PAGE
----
BODY-IMAGE AND PELVIC ORGAN PROLAPSEIN A BRAZILIAN POPULATION: VALIDATION OF THE BIPOP QUESTIONNAIRE ANDCORRELATION WITH ATRACTIVENESS AND SEXUAL FUNCTION SCORES
R. M. MORONI 1, L. BRITO 2,C. H. FERREIRA 3, L. A. LARA 4, C. JULIATO 5,P. S. MAGNANI 6, E. B. DE CASTRO 2, M. V.ROSIQUE2, A. A. NOGUEIRA 7;
1Gynecologyand Obstetrics, UNOESTE, Cascavel, Brazil, 2Gynecology andObstetrics, Univ. of Campinas, Campinas, Brazil, 3Rehabilitationand Functional Development, Ribeirao Preto Med. Sch., Univ. of SaoPaulo, Ribeirao Preto, Brazil, 4Gynecology and Obstetrics,Ribeirao Preto Med. Sch., Univ. of Sao Paulo, Ribeirao Preto, Brazil,5Univ. of Campinas, Campinas, Brazil, 6Ginecologiae Obstetrícia, Hosp. das Clínicas da Faculdade de Medic, RibeirãoPreto, Brazil, 7Ribeirao Preto Med. Scool: Univ. of,Ribeirao Preto - SP, Brazil.
Introduction: Female pelvicorgan prolapse (POP) is a group of common disorders which may berelated to several different symptoms, such as vaginal bulge,dyspareunia and voiding/ defecatory obstruction. These symptoms maylead to perceptions of body deformity and to changes in perceivedbody image, possibly contributing to social isolation and sexualaversion. Body image (BI) is a construct that tries to measure suchperceptions, but may be influenced by cultural aspects. The impactthat changes in body image have on sexual function may also varyamong populations.
Objective: To translate and validate theBody Image on Pelvic Organ Prolapse Questionnaire (BIPOP), aninstrument specifically designed to measure the impact of POP on BI,to a population of Brazilian women. Secondarily, compare BI betweenwomen with and without POP, and study the correlation between BIscores and sexual function scores among Brazilian women.
Methods:a cross-sectional study in which a Portuguese version of the BIPOPinstrument (BIPOP) was developed and administered to a group of 42women with POP. They also answered the Attractiveness subscale of theBody Attitudes Questionnaire (BAQ) and the Female Sexual FunctionIndex (FSFI). The BAQ subscale was also administered to 40 womenwithout POP. Internal consistency of the translated version of theBIPOP was assessed using Cronbach`s alpha. Test-retestreliability was assessed by re-administering the instrument after onemonth and using intraclass correlation coefficients (ICC). Body imageamong women with and without POP was compared using theattractiveness subscale of the BAQ, through an independent t test.Moreover, the correlation between body image and sexual functionamong women with POP was assessed by studying the correlation betweenBIPOP scores and FSFI scores among sexually active women withPOP.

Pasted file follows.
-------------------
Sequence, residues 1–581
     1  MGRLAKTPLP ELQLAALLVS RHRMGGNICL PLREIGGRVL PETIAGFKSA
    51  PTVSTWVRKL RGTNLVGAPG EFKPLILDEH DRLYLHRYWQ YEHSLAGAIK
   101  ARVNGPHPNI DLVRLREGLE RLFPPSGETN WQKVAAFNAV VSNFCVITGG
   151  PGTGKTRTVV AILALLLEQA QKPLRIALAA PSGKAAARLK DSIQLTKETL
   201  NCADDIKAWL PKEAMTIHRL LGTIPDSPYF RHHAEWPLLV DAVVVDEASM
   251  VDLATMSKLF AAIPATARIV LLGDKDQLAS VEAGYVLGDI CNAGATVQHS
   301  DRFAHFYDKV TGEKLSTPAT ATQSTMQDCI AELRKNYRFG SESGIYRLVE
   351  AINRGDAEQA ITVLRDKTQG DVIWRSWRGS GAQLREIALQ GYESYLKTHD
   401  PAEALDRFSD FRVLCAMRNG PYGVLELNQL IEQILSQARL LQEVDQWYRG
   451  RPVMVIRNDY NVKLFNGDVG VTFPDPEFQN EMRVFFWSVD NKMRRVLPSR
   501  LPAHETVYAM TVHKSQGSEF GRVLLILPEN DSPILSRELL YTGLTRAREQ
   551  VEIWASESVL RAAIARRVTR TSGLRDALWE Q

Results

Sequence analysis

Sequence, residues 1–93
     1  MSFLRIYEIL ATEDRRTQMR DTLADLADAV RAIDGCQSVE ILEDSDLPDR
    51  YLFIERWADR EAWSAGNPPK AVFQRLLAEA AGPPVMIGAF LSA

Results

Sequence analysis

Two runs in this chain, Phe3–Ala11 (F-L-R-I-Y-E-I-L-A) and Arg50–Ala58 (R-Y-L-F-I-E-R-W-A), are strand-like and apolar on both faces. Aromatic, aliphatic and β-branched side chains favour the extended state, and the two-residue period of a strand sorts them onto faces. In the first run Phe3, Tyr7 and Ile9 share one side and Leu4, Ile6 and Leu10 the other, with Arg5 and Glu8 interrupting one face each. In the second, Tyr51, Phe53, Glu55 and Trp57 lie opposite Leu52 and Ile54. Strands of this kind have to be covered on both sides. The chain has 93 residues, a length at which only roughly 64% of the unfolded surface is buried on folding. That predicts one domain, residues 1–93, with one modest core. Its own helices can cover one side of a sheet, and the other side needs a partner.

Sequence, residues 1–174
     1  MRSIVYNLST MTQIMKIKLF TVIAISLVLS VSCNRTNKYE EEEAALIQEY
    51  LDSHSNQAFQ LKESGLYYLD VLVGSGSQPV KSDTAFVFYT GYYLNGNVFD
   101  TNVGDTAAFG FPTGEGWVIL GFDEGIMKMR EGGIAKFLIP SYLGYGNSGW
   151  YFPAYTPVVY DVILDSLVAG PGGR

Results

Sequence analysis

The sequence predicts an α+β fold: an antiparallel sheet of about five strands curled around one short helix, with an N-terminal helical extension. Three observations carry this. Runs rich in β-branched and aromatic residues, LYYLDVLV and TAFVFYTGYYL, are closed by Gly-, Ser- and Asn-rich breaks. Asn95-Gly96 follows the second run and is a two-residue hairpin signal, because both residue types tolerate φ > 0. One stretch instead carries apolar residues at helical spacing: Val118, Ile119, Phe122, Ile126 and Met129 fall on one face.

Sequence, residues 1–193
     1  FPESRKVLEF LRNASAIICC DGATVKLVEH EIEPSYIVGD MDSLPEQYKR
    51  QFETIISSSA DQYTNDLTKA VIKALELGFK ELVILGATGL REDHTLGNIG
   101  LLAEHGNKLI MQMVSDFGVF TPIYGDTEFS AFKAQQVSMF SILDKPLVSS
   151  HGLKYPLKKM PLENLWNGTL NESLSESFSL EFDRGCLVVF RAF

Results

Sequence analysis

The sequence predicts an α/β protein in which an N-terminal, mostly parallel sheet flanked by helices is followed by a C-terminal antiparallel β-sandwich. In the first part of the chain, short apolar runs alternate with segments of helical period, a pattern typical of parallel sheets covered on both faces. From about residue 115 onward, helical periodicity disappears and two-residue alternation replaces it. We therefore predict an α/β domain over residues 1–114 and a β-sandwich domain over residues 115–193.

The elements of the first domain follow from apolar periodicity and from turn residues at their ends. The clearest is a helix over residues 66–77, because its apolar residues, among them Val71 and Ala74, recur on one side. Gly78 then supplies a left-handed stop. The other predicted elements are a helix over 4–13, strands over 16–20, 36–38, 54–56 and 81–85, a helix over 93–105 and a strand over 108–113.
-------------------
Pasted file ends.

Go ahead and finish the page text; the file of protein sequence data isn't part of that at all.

Results: mean age was 63.9 ± 11.4 and 50.7 ± 10.1among women with and without POP, respectively; 62% (26 women) of thewomen with POP had higher degrees of prolapse (POP-Q 3 and 4), while38% had lesser degrees of prolapse (POP-Q 1 and 2). Internalconsistency of the portuguese-adapted BIPOP instrument wassatisfactory, with a Cronbach’s alpha of 0.90, suggestingthat after translation, the instrument’s items are still stronglycorrelated among each other; total BIPOP scores, Partner andAttractiveness subscales had good reliability after a month, withICCs of 0.89, 0.77 and 0.88, respectively. There was also nosignificant difference when basal and 30-day scores were compared(paired t test). When comparing Attractiveness scores of womenwith and without POP, using the BAQ instrument, there was nosignificant difference between these groups (POP = 15.26 ± 4.37;Non-POP = 14.77 ± 4,26; p = 0.61; independent t test).Among the 42 POP patients included, 22 were sexually active. The meanFSFI score among these patients was 18.97 ± 6.21, suggesting sexualdysfunction. However, correlation between BIPOP scores (body image)and FSFI scores (sexual function) was non-significant in thispopulation, with r = -0.04. We hypothesize that in ourpopulation, the perception of genital deformity did not compromisethe feelings of being attractive and likeable, when women were notspecifically questioned about their genital symptoms. Likewise, wecould not detect a correlation between worsening sexual function andworsening prolapse-specific impacts on body image, and there weremany women with worse prolapse-specific body image scores who hadbetter sexual function scores.
Conclusions: Aftertranslation and adaptation to Brazilian Portuguese, the BIPOPinstrument remains consistent and reliable, and may be used infurther research exploring the impact of POP on female body image. Inthe studied population, however, general attractiveness perceptionwas not affected by POP, as measured by a general attractivenesssubscale (BAQ) that could be employed in both women with and withoutPOP. It seems that in Brazilian population, the presence of POP wasnot a main determinant of sexual function. Limitations of this studyinclude a generally low educational level of the included women,which could have impacted the perception of their own bodies inregards to a lack of basic knowledge of normal anatomy and acceptanceof genital prolapse as normal feature of aging.
References:1 - Am J Obstet Gynecol 2011; 204:441.e1-5; 2 - J Sex Med. 2010;7(12):3957-62.